Fernandina Beach Mayor Mike Lednovich applauded the County on its long range planning to meet recreation needs.  But he pointed out that until that construction can be completed, County residents continue to rely on City programs and facilities.  In some cases, 65 percent of program participants are County residents.  He renewed the City’s request for $500K to help with maintenance and capital needs of facilities.  He said that without financial consideration from the County during the upcoming budget cycle, the City will have difficulty maintaining the infrastructure.  Lednovich said that the only two sources of assistance were the County or increased user fees for non-City residents.  The County declined to offer financial assistance; Pope suggested increasing user fees.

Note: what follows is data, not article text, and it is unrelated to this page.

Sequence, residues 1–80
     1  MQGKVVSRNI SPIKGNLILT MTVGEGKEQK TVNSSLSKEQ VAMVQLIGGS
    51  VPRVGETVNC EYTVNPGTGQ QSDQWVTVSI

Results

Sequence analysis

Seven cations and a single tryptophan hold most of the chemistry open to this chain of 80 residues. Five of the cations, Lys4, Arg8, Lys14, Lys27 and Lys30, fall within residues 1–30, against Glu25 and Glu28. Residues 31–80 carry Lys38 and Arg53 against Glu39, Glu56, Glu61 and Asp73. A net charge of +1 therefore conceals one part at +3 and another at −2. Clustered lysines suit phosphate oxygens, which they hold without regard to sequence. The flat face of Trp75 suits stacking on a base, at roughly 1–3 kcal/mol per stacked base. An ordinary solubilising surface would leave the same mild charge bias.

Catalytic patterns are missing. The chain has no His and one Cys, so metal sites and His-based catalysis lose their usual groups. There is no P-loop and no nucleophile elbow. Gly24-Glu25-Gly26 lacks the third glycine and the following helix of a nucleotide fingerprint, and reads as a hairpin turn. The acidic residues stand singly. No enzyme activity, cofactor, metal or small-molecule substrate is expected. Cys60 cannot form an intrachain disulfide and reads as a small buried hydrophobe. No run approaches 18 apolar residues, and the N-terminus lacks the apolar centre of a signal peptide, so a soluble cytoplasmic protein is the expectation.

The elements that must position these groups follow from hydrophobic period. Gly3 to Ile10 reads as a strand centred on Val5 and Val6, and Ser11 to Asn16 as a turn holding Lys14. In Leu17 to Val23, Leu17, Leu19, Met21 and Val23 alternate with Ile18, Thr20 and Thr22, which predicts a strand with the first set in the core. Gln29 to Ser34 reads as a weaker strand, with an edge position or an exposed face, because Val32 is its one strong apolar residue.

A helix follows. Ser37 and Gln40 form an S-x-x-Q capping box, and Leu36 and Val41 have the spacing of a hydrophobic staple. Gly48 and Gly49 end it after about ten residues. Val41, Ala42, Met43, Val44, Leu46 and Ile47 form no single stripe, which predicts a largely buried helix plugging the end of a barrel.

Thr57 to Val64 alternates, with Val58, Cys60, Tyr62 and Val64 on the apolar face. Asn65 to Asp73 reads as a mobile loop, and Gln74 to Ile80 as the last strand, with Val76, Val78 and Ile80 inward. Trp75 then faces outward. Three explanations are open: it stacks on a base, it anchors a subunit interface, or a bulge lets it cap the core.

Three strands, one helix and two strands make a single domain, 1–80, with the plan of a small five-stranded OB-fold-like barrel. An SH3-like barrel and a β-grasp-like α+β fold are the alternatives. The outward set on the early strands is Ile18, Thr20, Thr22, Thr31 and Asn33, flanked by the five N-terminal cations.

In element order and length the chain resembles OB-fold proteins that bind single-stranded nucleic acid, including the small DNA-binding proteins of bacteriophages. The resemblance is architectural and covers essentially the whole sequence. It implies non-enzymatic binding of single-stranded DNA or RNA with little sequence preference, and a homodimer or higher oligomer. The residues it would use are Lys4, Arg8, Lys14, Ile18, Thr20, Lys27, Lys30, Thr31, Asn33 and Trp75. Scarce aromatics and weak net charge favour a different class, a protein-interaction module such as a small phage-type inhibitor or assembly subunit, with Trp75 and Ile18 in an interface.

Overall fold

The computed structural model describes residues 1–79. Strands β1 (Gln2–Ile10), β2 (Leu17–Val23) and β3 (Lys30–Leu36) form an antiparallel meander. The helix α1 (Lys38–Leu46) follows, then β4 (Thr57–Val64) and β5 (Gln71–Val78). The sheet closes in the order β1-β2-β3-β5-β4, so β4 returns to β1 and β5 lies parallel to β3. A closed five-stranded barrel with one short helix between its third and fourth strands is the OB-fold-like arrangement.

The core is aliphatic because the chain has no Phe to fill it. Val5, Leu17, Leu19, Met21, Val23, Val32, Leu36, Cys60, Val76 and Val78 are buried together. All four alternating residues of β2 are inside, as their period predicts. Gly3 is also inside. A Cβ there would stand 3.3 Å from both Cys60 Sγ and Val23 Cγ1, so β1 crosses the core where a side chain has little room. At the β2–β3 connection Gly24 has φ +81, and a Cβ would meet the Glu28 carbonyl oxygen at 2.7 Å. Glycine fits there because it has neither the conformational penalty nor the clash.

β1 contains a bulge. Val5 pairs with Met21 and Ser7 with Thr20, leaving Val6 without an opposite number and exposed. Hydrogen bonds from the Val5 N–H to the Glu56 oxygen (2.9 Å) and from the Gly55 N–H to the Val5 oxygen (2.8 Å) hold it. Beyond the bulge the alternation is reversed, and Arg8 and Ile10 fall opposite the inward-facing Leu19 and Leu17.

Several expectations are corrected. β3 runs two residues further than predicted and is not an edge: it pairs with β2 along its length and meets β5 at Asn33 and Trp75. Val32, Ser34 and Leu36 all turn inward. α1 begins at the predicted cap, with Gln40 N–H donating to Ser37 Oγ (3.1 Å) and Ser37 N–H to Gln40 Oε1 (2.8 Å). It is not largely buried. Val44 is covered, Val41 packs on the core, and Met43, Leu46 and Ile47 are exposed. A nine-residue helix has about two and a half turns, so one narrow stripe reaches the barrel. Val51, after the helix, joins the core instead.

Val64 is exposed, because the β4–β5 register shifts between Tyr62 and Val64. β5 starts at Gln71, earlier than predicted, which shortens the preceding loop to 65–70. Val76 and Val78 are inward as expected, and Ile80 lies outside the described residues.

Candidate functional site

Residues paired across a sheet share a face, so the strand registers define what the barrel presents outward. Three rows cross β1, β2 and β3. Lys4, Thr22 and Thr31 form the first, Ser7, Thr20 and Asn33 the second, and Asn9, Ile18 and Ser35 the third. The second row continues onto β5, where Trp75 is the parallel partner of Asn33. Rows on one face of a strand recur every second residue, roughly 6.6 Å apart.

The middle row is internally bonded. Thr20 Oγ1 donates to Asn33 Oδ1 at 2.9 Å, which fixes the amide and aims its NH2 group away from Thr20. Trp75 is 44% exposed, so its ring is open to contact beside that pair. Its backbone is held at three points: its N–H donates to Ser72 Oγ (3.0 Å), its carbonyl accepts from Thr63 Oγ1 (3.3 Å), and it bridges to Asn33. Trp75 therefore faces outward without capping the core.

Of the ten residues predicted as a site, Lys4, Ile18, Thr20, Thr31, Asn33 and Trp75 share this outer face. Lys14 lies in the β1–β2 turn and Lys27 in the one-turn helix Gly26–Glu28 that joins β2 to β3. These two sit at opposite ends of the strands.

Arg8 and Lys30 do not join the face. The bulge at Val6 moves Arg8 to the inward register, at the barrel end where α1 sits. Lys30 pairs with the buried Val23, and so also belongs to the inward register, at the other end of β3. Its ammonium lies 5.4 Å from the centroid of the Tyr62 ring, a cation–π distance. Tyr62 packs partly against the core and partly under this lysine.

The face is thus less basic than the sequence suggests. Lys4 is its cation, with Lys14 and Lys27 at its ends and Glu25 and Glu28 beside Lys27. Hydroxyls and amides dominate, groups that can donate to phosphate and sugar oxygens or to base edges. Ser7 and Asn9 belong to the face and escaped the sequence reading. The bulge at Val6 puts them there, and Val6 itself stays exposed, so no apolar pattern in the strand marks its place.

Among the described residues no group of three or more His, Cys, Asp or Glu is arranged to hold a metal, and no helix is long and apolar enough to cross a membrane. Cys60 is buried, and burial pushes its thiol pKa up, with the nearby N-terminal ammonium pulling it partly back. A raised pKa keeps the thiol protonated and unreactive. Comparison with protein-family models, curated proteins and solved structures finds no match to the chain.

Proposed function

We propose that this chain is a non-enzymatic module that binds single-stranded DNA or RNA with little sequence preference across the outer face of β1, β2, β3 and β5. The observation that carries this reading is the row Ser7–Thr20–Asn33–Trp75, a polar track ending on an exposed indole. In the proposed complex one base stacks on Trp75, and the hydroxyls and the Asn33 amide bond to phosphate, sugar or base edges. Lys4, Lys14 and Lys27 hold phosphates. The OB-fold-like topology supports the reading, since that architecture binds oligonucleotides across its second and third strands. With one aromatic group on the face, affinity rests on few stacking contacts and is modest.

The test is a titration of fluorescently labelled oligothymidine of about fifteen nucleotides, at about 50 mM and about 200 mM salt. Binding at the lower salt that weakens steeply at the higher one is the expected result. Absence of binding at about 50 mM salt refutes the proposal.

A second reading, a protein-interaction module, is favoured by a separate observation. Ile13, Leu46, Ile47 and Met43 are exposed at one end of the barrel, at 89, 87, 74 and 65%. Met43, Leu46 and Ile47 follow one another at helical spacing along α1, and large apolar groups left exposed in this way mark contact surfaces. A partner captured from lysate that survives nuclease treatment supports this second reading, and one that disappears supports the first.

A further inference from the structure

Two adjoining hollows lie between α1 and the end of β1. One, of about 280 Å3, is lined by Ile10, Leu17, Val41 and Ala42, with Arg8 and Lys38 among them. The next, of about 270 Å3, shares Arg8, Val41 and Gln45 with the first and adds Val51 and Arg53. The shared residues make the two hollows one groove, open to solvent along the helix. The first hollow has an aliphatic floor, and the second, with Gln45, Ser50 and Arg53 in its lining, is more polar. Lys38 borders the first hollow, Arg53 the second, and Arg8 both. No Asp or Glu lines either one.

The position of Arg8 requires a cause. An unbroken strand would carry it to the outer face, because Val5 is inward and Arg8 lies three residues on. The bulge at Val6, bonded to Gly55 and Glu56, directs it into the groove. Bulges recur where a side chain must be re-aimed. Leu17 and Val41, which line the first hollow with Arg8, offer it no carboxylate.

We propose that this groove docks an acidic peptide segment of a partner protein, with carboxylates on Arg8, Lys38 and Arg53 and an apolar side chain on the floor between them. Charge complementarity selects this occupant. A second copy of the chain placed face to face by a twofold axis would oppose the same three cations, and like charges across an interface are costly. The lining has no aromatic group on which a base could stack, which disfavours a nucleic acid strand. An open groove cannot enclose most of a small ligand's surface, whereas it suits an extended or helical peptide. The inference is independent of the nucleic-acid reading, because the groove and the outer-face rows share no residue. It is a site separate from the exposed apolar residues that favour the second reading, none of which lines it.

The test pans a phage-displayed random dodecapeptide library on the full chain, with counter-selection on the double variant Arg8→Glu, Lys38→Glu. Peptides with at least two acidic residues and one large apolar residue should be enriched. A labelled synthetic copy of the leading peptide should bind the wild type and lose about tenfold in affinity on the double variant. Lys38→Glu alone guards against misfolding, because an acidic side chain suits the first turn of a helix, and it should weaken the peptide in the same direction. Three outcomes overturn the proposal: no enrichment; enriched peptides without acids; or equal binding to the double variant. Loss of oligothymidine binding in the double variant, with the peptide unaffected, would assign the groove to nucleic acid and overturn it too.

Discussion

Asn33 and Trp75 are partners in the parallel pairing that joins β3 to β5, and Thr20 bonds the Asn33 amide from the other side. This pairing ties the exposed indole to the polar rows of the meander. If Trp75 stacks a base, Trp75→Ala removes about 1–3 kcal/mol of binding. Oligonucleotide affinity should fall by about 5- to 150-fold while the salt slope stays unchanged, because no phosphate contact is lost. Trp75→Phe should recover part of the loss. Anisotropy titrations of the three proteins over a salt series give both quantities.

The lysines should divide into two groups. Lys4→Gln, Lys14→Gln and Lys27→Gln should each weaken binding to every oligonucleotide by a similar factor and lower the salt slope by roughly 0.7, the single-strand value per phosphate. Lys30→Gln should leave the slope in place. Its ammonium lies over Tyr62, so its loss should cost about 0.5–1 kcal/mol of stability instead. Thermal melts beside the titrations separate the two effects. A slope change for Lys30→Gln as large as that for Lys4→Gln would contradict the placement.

City Commissioner Chip Ross asked whether the County would agree to look at the possibility of modifying the MSTU for beach renourishment (“sand tax”) to allow some of the money in the fund to be used for beach infrastructure improvements such as beach accesses.  County Commissioners appeared willing to consider this.  County Attorney Mike Mullin agreed to look at the existing agreement to see whether such expenditures would be consistent with the legislation that created the MSTU.

The meeting concluded on a friendly note with mutually exchanged banter and expressions of collegiality, along with a willingness to continue meeting.